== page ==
All photo courtesy of Sergio Salinas
On Wednesday Nov. 20, students on campus honored Transgender Day of Remembrance. Third-year resident advisor Jas Marie organized the event, distributing transgender flags and stickers for students to show their support. Along with members of the faculty and administration, students walked to the bayfront, where a vigil was held to remember those who lost their lives in 2019 as a result of violence against trans people.
“Trans Day of Remembrance recognizes that there’s still a lot of hate toward people who don’t conform to gender norms,” Marie said. “We have to live with the constant fear that people won’t accept us or worse yet, that people will kill us. Trans Day of Remembrance honors that fear and those losses.”
Trans Day of Remembrance began in 1999. Gwendolyn Ann Smith a trans activist in San Francisco created the Remembering Our Dead project in 1998, to record the deaths of trans people in the U.S. The first Trans Day of Remembrance was celebrated in San Francisco and Boston in 1999 to honor those who lost their lives.
Now, 20 years since the first Trans Day of Remembrance and trans people are still being killed. The Remembering Our Dead projects lists 37 reported trans deaths in the period between Oct. 1, 2018 and Sept. 30, 2019. In 2019, there have been over 250 trans deaths across the world.
In the U.S., the Human Rights Campaign has found that regionally the South has accounted for 58 percent of transgender killings since 2013. In 2019, there have been 22 reported trans killings. Ninety-one percent of these killings were Black women, 68 percent occurred in the South. Since 2013, 82 percent of trans violence has occurred in states with no hate crime laws protecting sexual orientation and gender identity.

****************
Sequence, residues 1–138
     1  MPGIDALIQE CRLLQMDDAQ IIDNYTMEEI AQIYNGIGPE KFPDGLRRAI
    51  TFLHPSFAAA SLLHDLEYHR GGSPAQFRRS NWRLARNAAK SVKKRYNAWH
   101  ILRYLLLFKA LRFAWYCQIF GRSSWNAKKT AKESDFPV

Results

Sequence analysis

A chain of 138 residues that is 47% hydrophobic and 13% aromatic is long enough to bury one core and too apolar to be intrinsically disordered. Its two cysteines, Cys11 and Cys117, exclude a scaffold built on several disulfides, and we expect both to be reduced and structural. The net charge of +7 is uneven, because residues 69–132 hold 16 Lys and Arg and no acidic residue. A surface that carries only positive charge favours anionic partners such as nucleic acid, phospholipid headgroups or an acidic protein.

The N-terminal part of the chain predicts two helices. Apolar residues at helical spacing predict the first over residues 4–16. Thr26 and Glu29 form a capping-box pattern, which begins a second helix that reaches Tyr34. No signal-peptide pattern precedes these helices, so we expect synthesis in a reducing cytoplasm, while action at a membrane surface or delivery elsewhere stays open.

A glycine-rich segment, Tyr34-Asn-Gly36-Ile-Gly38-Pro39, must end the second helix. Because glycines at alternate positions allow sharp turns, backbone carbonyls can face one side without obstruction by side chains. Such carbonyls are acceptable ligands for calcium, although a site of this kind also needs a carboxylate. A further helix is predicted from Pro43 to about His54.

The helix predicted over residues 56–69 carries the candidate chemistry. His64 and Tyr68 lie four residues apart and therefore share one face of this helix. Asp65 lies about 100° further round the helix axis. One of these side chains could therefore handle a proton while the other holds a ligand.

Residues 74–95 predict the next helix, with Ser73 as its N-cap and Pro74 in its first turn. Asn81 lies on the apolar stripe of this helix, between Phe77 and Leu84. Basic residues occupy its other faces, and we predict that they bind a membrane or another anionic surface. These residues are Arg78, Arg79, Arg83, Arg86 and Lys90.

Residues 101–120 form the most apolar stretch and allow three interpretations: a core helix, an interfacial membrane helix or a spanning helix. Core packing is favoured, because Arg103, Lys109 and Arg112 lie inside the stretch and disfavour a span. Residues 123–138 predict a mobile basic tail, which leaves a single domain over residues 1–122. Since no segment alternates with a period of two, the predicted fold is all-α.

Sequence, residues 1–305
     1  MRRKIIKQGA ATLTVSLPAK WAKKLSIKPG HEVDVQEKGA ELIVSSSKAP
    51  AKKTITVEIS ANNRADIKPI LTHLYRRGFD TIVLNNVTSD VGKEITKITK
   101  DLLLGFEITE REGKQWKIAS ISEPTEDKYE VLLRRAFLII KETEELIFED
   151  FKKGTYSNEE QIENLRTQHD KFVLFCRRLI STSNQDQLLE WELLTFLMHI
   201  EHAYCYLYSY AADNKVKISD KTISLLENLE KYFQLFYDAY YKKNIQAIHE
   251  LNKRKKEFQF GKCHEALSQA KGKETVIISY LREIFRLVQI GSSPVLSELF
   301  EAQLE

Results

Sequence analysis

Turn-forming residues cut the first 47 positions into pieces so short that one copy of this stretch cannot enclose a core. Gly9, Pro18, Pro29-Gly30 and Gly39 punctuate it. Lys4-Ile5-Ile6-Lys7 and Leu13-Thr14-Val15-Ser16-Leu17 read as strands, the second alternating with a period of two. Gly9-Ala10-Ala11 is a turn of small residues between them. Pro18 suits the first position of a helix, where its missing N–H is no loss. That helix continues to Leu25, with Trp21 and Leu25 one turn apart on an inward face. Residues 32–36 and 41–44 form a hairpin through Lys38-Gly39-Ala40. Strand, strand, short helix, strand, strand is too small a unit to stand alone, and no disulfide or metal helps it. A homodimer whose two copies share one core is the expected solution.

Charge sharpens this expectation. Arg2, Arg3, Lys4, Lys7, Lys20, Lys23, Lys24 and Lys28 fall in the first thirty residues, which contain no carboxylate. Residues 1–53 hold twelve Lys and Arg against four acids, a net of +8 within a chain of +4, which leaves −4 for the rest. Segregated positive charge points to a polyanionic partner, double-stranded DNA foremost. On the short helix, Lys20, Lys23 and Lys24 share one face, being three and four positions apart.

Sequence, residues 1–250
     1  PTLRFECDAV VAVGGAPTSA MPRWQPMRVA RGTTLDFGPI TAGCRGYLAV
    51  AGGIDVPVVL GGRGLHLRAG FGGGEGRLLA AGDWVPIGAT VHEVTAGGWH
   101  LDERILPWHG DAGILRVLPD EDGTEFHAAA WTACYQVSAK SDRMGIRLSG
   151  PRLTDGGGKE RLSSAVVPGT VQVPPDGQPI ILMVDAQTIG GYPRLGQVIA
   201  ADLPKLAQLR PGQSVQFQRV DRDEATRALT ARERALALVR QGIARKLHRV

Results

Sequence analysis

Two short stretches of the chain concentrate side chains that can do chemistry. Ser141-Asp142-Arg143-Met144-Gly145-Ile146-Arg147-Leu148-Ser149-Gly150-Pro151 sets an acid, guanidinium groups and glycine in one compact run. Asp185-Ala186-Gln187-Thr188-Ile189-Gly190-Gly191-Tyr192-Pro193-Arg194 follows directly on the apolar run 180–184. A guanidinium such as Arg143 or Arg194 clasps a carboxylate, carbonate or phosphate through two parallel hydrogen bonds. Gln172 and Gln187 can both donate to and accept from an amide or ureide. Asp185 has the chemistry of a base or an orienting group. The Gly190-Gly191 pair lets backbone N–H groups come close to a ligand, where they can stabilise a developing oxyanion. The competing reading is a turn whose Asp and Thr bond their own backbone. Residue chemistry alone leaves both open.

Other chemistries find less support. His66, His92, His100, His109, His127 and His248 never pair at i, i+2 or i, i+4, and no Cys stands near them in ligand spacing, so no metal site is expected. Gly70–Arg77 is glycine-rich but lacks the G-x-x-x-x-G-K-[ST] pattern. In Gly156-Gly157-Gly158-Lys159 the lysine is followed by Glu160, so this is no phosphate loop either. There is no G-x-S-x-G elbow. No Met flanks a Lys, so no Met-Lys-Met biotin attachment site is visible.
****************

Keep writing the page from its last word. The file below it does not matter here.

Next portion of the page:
One such killing was that of Bee Love Slater, a Black trans woman in Clewiston, Fla. Slater was the 18th trans person killed in 2019. Given that Slater lived only 133 miles from New College, it can be hard to think about the dangerous reality LGBTQ+ people face in places where the expression of identity is not socially acceptable. Celebrating Trans Day of Remembrance on campus serves as a reminder that while progress has been and continues to be made, there is still a long way to go in attaining equality.
“There’s a poem/prayer by B. Herbert, a trans person of color, that really stuck with me,” Marie said. “They wrote this in 2017. ‘On this November 20th, Be tender with those who are mourning. Be attentive, to those who feel unsafe. Be encouraging, to those who are revealing their truth. Be prepared, to be led into the possibilities of tomorrow by those who tomorrow wasn’t built for.’”
Since its start in 1999, Trans Day of Remembrance has grown into a global event, even celebrated in the small New College community. The creator Gwen Smith commented on the reach of the event in an NBC News interview.
“On one hand, it’s amazing to see how big the event has grown, but at the same time when all is said and done, we are still being killed,” Smith told NBC News.
At the bay, students read aloud the names of trans people killed in 2019. A moment of silence was shared as students took time to reflect. Afterwards, students shared their thoughts and feelings. Some students remembered people close to them who have suffered as a result of intolerance. One student noted how easy it is to forget how different things are outside of the ‘New College bubble,’ as the rest of the world can seem a daunting and volatile place.
“So long as there are people who continue to care and to spread the word, I have hope that we’ll reach a point where being trans is normalized” Marie said. “I have hope that we’ll live in a world where people don’t have to hide anymore, where people don’t have to constantly look over their shoulder.”